It must be impossible to run a publicly traded company today. To make intelligent business decisions you need to have a clear view of the environment: the economic outlook, competitive forces, costs to manufacture and to ship within the United States and to and from abroad in a world of global supply lines. Interest costs are important when you run calculations to make brick and mortar investments. Should you sell stock or issue bonds to pay for your forward plans, which might even include buying back shares.

I respect that business challenge because, as a portfolio manager, I have needed answers to similar questions. My responsibility is to carefully shepherd the assets of my clients to protect those assets and hopefully make them grow faster than inflation. The ante is upped on that challenge when the backdrop is changing dramatically not from week to week but from day to day.

On Monday, President Donald Trump tweeted: “China wants to make a deal so badly. Thousands of companies are leaving because of the Tariffs, they must stem the flow.” “At the same time China may be hoping for a Democrat to win so they could continue the great ripoff of America.” Last week the U.S. officially labeled China as a currency manipulator as Beijing allowed its exchange rate to fall to over 7 renminbi per U.S. dollar, a price it hasn’t seen since 2009.

Monday, in round numbers, the Dow fell 400 points. On Tuesday, Trump decided to publicly pull back the threat of new tariffs set to kick in in September. Stocks rose by 400 points. Then Wednesday, down 700. None of this is normal.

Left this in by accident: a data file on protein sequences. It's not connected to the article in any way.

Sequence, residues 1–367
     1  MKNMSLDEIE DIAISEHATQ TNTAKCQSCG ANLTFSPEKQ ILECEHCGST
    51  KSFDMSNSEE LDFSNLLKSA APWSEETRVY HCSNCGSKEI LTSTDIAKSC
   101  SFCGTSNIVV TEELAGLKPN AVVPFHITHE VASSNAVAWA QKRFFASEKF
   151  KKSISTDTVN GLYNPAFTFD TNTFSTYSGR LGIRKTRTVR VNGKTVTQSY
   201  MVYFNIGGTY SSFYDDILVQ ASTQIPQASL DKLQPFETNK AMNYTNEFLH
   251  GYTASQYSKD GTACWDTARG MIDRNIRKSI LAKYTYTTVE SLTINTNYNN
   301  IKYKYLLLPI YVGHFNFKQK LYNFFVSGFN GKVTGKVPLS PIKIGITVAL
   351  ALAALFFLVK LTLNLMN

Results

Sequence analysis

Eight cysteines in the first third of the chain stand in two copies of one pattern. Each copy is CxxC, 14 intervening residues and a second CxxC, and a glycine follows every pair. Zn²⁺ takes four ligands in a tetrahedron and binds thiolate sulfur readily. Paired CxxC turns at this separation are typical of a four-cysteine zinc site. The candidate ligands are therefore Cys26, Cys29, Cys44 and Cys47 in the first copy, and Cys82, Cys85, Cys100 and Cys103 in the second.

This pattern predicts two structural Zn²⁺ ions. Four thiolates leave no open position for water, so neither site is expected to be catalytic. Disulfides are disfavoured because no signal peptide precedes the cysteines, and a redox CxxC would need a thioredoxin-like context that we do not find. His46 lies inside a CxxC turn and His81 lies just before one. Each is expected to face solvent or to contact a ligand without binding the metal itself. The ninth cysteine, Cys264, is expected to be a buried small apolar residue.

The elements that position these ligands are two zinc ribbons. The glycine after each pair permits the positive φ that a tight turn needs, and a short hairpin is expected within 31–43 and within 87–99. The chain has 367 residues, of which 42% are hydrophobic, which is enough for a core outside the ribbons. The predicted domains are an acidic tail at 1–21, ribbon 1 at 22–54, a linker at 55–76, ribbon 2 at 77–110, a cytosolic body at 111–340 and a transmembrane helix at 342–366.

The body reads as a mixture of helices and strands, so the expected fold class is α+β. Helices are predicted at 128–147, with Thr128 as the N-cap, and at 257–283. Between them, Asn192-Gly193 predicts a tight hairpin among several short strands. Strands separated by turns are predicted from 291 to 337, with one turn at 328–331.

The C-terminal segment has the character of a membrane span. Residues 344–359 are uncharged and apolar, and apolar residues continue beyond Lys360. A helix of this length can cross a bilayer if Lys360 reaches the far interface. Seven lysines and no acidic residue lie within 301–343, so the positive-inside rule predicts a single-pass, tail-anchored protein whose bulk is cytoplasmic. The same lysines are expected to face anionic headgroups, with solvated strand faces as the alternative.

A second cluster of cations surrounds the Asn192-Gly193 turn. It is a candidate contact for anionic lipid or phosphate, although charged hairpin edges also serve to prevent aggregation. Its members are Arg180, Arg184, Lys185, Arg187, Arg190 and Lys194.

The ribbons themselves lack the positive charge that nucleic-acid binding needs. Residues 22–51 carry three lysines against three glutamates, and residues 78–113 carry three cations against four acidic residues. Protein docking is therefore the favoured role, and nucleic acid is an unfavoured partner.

Trump insisted for months that China was paying the cost of the tariffs he was adding to imports, Trump said Tuesday he wanted to save American consumers from the peril of paying vastly more for Christmas merchandise this year. He thus admitted that it was the consumer (who supports 68% of our economy) who would pay that cost, not China. Tariffs are a penalty paid by the end purchaser. In our country, that is everyone who shops for anything,especially if it is made abroad.

Trump has ridiculed China’s slowing growth rate. Even so, in the June quarter, China’s GDP grew at 6%, twice our 3% rate. Trump’s Tax Reform Act has failed to deliver economic growth. Cutting corporate taxes from 35% to 21% didn’t induce companies to bring back manufacturing jobs. Why not? Because business leaders are just as challenged to know how to operate in this very erratic business environment as I am to invest well for my clients.

We have held 25% cash for several weeks now. I reduced some positions because I was cautious and they had reached our target prices. The plan was to redeploy those assets elsewhere. However, I just couldn’t pay up for stocks on spikes. So instead I determined the prices I would like to pay if markets corrected, and held that cash. Now it gets tougher. How do you know when to take action?

Trump has frightened everyone into believing the economy is destined to turn down because very low interest rates are not low enough. Investors are pouring into bonds as a safe haven even accepting very low returns below the now rising rate of inflation. I still believe that stocks with secure dividends and reasonable multiples of real earnings (not losses) will serve you best once this chaos subsides. When that will be is hard to know.

Joan Lappin CFA has been called an “investment guru” by Business Week and a “top manager” by the Wall Street Journal. The Sarasota resident founded Gramercy Capital Management, a registered investment adviser, in 1986. Email her at jlappinCFA@gmail.com. Follow her on twitter: @joanlappin. Her past columns appear at heraldtribune.com/topics/joan-lappin. Neither she, Gramercy Capital, nor its clients own any security mentioned in this column.